My Own Private Vienna

Don’t look back. That could have been my family’s motto. My parents rarely talked about life in Vienna before the Nazis tore their world apart, and my sister and I rarely pressed them. Who cared about relatives we would never meet, the grandparents, aunts and uncles sent to concentration camps? Nor did our parents showContinue Reading

11 Responses to Genealogy

  1. […] Butcher, the PoemPosted on August 13, 2012 by Edie Jarolim As I mentioned in my introduction to the Genealogy section, I’ve trotted out the fact that I am the grand-niece of Sigmund Freud’s butcher for a […]

  2. […] Tradition, Tradition… Unearthing Deeper Jewish Roots, 1Posted on December 27, 2012 by Edie Jarolim Exactly one year ago, on December 27, 2011, I learned that the butcher shop of my great uncle Siegmund Kornmehl was now an art gallery in Vienna’s Freud Museum. This  discovery spurred me to look into the history of my mother’s family. Vienna State Opera […]

  3. […] 1. Wie kann ich mehr über meine Vorfahren herausfinden (Stammbaum, Familienforschung) […]

  4. Sandi Steuer says:

    I was very offended to be asked to leave the site.

    I am still searching for information about my father who’s mother was born Freida Kornmehl and married Michael Steuer. There was also his sister Anna kornmehl and his other sister Paula kormmehl. Paula died in an institution. Anna and her three children, died in Thereisenstadt as I found out recently. Her husband was named Hecht. We do not know anything about the destination of Hecht during the war years or if he also died in the same camp. My father Max Steuer, lived with his grandparents in Tarnow as the father disappeared and his mother died.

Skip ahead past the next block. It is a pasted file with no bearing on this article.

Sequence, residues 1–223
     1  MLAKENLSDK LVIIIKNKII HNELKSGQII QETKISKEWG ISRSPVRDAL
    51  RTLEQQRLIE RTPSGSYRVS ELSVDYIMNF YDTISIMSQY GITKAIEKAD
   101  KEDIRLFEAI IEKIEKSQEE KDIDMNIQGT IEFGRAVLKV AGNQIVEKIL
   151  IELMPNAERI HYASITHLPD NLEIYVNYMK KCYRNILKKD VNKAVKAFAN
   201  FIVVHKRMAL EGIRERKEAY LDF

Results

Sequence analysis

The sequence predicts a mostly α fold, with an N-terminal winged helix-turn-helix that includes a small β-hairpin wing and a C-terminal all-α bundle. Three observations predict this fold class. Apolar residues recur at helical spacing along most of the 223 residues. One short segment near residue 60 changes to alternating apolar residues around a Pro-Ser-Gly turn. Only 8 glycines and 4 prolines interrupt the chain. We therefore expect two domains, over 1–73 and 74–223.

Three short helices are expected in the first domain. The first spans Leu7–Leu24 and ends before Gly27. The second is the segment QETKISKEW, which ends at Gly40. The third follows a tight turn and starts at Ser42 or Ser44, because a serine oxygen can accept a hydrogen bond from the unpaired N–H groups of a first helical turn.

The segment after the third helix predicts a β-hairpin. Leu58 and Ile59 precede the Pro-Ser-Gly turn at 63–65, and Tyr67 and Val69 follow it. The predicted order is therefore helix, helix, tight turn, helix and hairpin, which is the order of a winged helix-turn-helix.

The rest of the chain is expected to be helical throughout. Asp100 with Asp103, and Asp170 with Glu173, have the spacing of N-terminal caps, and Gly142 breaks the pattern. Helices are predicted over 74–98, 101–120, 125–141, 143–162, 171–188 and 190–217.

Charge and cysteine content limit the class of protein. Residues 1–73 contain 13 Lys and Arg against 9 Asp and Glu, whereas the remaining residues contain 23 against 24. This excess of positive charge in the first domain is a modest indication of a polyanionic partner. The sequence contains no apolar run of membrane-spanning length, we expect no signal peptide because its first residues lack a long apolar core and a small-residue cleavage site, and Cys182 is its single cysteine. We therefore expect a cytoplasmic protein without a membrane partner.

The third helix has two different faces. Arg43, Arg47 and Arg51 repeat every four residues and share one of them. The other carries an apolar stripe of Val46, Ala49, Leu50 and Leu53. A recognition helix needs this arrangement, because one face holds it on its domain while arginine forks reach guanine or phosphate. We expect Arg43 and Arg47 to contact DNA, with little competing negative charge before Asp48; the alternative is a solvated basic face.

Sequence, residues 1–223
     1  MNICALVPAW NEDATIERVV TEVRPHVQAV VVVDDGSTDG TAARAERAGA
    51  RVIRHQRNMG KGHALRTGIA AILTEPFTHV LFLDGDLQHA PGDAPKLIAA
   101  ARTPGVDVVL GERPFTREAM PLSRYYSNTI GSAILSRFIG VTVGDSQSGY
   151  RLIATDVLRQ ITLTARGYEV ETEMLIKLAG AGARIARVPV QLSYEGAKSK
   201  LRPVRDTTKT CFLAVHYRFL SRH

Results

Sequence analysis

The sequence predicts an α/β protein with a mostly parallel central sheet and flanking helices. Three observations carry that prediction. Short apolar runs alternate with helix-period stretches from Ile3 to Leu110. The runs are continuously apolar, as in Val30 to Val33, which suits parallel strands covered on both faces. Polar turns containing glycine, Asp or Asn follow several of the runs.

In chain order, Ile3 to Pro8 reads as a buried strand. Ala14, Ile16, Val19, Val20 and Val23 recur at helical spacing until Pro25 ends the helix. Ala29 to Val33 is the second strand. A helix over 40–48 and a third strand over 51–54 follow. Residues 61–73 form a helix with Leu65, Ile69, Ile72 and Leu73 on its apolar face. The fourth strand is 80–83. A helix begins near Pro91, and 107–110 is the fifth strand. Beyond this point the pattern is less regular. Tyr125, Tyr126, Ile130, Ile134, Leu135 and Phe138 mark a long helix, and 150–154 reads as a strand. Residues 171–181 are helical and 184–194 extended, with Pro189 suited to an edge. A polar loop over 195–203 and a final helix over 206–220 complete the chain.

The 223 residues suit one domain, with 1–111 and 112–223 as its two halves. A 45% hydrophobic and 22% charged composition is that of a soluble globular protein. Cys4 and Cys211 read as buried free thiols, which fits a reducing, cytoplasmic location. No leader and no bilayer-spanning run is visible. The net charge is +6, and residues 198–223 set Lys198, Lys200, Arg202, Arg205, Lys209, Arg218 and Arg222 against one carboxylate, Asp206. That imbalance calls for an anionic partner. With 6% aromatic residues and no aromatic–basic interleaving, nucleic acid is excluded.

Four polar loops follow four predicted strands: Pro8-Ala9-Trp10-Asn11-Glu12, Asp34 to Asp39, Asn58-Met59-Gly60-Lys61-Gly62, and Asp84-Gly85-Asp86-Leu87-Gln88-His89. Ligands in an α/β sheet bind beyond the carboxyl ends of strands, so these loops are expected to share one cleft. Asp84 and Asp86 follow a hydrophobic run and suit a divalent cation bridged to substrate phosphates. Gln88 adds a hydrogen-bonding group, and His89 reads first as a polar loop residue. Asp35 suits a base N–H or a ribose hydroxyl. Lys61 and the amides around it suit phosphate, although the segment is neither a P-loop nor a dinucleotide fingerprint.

• Edie Jarolim says:

      I’m not sure what you mean — this is my blog, and I am the moderator on it. If you are talking about the Tarnow portal, that is another thing entirely.

  5. Paul Layne says:

    Hi Edie, it appears we are cousins. I just met your other new cousin Elaine. I connect to Kornmehl on the Schmerling side of things. This is though Tauba/Doba Schmerling. She was my Great Grandmother’s sister. It would be interesting to connect.

    • Edie Jarolim says:

      Interesting indeed! The Schmerlings in Vienna were the closest to my mother of her many cousins; she didn’t talk about many Viennese relatives but she talked about Mimi and Ditte and Stella Schmerling — all first cousins. Where are you living?

    • Flora Selwyn says:

      Hi Paul, I’ve just been re-reading Edie’s blog. Doba Schmerling was my grandmother. Her son Heinrich was my father. His elder son David (my uncle) was the father of Edie’s (and my) cousins Mimi & Ditte and Stella. I now have the wonderful Tarnow Connection book and am overwhelmed with delight that so many of our Kornmehl family are alive and well when I had honestly thought none had survived. I quite envy my niece Elaine because she met so many of you. My Polish daughter-in-law found the house in Tarnow that belonged to the Kornmehl family. I was very emotional when she and my son took me to see it.

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